What’s strange about writing my book

My book is coming along, slowly but surely. It’s a bit strange writing a memoir about the year I lost my dad and said Kaddish for him (the traditional Jewish way of mourning a parent).

It’s strange because as a journalist, for the most part, I write about other people’s stories, not my own. I’ve written three reflections on saying Kaddish, however, and they seemed to strike a chord with many people.

It’s strange because as a journalist, I work from notes I take during interviews or events that I’m covering. During the year of Kaddish, I made a point of not taking notes on what I was experiencing. That would have felt even more strange, and on some deep level, didn’t feel right.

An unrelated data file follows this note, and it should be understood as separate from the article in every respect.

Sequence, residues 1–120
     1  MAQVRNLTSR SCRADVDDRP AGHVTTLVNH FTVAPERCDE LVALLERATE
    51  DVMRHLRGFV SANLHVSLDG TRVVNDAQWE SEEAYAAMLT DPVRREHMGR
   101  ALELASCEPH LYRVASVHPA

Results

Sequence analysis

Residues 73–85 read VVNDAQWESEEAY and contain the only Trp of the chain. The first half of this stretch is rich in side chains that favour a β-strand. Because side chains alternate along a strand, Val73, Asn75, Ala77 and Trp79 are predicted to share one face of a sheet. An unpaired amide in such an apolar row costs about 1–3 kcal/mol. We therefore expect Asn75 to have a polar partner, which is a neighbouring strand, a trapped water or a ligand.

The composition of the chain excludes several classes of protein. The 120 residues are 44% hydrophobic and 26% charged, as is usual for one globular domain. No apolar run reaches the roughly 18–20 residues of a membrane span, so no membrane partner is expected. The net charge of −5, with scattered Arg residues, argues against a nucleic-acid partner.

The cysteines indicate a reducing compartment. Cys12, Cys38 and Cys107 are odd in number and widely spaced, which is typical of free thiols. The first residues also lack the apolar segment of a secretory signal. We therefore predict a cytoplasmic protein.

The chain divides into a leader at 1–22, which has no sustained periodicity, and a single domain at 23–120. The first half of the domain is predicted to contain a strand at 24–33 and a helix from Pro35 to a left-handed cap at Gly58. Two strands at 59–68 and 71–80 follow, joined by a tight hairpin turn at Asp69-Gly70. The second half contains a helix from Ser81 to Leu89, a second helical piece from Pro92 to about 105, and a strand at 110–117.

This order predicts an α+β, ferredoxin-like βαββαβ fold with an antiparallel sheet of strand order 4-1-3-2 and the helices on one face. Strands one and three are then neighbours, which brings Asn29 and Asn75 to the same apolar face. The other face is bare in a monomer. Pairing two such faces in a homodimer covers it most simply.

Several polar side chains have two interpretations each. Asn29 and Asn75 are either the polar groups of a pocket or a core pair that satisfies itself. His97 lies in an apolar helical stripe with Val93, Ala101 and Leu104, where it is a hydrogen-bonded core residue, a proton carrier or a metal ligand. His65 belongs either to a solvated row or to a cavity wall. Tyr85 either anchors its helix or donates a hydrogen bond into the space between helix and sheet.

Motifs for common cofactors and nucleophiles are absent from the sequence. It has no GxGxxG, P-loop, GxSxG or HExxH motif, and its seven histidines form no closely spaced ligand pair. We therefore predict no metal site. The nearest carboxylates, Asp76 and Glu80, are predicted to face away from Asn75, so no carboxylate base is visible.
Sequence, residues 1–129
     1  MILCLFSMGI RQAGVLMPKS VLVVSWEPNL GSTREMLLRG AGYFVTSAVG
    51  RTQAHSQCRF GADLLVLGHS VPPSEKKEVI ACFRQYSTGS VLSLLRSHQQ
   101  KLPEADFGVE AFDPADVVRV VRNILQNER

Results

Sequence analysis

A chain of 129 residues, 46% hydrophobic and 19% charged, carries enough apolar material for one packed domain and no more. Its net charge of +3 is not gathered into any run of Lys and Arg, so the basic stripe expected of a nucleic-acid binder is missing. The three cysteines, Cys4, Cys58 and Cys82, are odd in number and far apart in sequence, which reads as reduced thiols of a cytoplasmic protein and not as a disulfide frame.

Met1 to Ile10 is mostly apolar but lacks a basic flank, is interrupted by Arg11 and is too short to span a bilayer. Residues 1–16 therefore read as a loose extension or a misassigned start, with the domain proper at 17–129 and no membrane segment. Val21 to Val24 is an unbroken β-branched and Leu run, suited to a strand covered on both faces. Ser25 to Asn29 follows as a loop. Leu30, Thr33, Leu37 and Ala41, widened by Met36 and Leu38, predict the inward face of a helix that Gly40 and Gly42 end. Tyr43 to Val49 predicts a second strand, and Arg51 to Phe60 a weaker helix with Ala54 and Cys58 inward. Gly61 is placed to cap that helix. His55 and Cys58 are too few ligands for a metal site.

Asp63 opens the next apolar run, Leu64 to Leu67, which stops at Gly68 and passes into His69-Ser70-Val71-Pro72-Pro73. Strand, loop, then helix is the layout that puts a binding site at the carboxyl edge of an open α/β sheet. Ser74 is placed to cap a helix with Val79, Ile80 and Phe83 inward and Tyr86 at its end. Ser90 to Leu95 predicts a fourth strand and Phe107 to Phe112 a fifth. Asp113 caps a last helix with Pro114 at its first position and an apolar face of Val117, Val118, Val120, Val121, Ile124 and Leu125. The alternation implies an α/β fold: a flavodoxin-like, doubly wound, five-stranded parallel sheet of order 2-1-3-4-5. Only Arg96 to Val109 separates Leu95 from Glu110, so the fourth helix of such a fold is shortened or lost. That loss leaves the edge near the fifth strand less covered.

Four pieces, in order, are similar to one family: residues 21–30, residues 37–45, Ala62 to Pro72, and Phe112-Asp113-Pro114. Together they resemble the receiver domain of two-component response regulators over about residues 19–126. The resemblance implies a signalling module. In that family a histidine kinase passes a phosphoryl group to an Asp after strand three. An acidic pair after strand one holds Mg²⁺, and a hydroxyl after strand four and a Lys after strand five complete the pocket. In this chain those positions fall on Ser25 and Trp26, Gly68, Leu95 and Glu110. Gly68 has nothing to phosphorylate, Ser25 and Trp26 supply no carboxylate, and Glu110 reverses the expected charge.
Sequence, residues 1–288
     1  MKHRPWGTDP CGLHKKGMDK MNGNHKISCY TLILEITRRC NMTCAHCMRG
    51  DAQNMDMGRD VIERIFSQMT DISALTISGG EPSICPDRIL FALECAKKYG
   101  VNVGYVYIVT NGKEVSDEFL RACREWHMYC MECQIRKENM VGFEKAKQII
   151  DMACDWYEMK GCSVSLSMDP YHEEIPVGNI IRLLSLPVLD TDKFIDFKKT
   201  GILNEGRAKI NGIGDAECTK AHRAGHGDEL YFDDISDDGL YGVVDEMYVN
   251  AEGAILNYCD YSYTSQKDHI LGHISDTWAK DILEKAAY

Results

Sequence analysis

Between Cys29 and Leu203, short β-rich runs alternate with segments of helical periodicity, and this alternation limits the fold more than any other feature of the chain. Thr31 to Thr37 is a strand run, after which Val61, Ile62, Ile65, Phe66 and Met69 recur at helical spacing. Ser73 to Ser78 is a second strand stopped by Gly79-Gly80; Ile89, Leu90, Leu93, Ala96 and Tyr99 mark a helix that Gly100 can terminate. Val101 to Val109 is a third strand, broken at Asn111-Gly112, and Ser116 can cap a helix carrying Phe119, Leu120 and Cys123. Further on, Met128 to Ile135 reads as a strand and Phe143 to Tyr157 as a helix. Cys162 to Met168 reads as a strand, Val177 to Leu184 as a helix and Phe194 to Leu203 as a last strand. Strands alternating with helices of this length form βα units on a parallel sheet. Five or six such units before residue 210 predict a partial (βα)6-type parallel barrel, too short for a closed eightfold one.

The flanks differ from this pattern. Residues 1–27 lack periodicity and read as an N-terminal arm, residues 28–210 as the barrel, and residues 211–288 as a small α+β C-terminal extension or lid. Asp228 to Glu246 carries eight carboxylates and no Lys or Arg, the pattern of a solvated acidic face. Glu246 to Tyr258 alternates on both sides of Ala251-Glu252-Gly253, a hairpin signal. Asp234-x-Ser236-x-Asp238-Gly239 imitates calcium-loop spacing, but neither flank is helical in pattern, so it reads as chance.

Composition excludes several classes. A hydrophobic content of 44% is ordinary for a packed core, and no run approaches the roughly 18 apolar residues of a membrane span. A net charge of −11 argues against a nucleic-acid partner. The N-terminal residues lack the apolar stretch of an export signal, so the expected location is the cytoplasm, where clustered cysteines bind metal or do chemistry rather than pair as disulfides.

It’s strange because I remember so many aspects of the Kaddish year – my feelings, bits and pieces of conversations, holidays, celebrations, funerals, things that happened at work, at home and at synagogue – that I’m starting to wonder if this is normal. It’s almost six years since my dad died. Why do I remember so much detail? Is there something different about the way my brain is wired?

I don’t think I’m obsessed, and I don’t think I’ve prolonged the mourning period. I do attribute my detailed memories to the fact that so much emotion was attached to everything I experienced that year. I’ve read that that’s supposed to enhance memory. I also have articles and thank you notes that I wrote, old emails, and my 2008 and 2009 calendars to jog my memory.

Another thing that makes a difference for me – I still attend services regularly, and that triggers memories, too.

I’m not flooded with them. They come to me in bits and pieces, and that’s how I’ve been writing them. But they seem to be turning into a cohesive whole.